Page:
California Won’t Buy Cars From Toyota, GM, Fiat Chrysler Due to Emissions Fight
California Governor Gavin Newsome took the fight over tailpipe standards, and California’s authority to set its own, to a whole new level by barring the purchase of new gas-powered vehicles for state government fleets from GM, Toyota, Fiat Chrysler and other automakers that backed the Trump Administration. This will apparently hit GM the hardest — California spent more than $27 million on passenger vehicles from GM-owned Chevrolet in 2018 — altogether the state spent nearly $75m on cars in 2018.
Why This Matters: As we reported, the carmakers that Newsome is penalizing are the ones that were hoping that by taking the President’s side they would force the Administration and California to find a middle ground. California worked for months to find a compromise, but the talks fell apart and the President is now attempting to strip California of its authority to set its own standard as well as lowering the federal standard. Honda, Ford, BMW, and Volkswagen have sided with California and reached an agreement to continue to abide by the state’s requirements. Hopefully, consumers will follow suit and reward these forward-looking companies.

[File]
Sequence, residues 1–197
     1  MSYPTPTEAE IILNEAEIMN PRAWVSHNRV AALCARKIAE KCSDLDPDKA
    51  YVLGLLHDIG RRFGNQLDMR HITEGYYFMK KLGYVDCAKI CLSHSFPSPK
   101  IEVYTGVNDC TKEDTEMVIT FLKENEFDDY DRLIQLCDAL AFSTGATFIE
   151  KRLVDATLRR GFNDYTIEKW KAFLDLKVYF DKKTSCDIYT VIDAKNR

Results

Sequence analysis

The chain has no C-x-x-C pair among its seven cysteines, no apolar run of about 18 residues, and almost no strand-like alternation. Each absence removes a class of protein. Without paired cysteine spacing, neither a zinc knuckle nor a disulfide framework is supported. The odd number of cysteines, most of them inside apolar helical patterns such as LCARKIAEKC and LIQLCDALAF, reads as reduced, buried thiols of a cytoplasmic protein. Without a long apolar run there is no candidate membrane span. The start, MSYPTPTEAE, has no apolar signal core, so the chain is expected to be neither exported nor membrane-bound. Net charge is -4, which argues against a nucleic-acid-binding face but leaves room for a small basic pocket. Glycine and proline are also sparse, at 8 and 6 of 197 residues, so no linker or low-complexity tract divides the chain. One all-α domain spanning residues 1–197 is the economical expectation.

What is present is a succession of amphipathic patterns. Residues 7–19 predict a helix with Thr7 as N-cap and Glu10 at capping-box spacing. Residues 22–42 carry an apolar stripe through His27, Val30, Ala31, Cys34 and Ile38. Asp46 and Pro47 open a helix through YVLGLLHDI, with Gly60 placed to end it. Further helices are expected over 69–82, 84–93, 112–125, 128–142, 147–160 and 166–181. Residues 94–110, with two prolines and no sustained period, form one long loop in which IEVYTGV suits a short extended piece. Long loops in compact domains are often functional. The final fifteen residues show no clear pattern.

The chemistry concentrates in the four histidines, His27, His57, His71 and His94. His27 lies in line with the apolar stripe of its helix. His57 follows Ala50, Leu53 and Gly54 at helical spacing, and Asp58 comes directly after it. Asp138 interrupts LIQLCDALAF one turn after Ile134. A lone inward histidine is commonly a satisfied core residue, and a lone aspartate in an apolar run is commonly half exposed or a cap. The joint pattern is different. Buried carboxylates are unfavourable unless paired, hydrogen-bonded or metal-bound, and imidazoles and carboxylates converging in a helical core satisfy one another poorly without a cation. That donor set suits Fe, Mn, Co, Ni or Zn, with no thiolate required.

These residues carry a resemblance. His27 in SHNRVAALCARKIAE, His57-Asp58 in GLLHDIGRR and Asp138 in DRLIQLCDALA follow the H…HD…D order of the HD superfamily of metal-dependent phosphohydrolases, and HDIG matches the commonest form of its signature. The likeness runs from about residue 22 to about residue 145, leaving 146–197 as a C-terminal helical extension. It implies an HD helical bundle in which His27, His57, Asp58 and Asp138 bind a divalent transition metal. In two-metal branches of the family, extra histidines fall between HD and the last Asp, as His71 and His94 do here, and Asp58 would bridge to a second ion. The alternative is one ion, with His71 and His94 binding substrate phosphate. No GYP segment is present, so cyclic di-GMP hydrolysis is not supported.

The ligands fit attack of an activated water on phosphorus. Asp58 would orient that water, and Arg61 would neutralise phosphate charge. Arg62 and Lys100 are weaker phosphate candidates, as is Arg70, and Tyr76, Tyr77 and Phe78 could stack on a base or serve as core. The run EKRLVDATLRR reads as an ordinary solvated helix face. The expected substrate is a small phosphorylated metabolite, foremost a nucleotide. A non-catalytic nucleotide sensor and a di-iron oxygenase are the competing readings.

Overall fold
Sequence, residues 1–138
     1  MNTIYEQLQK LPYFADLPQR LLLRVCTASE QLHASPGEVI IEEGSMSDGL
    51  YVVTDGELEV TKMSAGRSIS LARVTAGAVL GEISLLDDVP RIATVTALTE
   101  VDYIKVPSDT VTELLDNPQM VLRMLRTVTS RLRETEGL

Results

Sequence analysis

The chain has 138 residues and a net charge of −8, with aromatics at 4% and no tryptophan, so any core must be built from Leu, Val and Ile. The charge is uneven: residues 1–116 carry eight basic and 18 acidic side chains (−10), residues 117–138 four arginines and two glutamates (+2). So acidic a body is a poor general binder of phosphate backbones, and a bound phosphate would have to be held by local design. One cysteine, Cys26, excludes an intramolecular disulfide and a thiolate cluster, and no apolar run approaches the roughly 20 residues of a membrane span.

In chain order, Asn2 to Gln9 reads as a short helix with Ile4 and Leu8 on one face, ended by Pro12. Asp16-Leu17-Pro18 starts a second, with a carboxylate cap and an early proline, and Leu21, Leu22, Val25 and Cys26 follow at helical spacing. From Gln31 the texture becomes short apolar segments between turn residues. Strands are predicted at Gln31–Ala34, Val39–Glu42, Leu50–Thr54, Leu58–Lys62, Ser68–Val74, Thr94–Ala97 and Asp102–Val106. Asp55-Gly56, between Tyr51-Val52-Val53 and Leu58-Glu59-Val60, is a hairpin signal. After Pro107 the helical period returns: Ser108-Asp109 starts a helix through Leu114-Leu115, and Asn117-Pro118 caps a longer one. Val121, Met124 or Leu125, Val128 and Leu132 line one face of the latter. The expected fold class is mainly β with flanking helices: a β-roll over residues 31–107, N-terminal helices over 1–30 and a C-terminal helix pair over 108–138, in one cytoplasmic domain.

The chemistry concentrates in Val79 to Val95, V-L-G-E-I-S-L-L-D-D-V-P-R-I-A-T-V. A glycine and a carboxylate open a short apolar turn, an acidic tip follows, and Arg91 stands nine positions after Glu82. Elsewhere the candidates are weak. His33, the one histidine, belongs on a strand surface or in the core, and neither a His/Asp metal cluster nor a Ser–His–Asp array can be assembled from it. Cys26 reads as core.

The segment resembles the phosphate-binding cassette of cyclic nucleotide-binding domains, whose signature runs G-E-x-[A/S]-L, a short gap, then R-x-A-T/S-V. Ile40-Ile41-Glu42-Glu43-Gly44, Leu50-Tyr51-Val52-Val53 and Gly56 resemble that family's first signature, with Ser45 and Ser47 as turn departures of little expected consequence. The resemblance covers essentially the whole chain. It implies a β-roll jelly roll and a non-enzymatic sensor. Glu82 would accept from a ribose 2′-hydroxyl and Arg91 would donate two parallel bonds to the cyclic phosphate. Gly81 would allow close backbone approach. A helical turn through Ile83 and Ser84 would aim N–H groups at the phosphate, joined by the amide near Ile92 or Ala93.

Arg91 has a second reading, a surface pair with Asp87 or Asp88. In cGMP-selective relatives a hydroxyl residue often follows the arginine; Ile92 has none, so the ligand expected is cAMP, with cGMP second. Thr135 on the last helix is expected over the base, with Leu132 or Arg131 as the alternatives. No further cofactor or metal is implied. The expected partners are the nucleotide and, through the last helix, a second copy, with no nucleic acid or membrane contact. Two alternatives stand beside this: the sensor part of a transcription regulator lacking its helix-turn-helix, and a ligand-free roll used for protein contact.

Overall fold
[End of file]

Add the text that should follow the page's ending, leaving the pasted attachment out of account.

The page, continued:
Trump Administration’s Final Rule On Tailpipe Standards Rollback Expected Soon
The Trump Administration is reportedly going to set a new fuel efficiency standard soon — and they are expected to only modestly boost fuel efficiency versus the Obama rule or the California compromise proposal. Several automakers are anticipating annual increases of about 1.5% versus the 5% the Obama rule would have required.
The Trump administration is also attempting to pressure the four companies that agreed to follow California’s rule – the Department of Justice issued subpoenas against them earlier this month, saying if they coordinated with California, they could be in violation of federal antitrust laws.
California’s Tough Standards
California Executive Order N-19-19 set tough fuel economy goals for the state’s fleet of cars it owns – specifically requiring the state to reduce its petroleum consumption by 50 percent (from 2015 levels) by 2030 and reduced its GHG emissions by 40 percent (from 1990 levels).
Plus, thirteen states have adopted California’s emissions standards for cars sold to residents of their states, and 22 states have joined California’s lawsuit against the Environmental Protection Agency objecting to the president’s restrictions on California’s authority over tailpipe emissions in the state.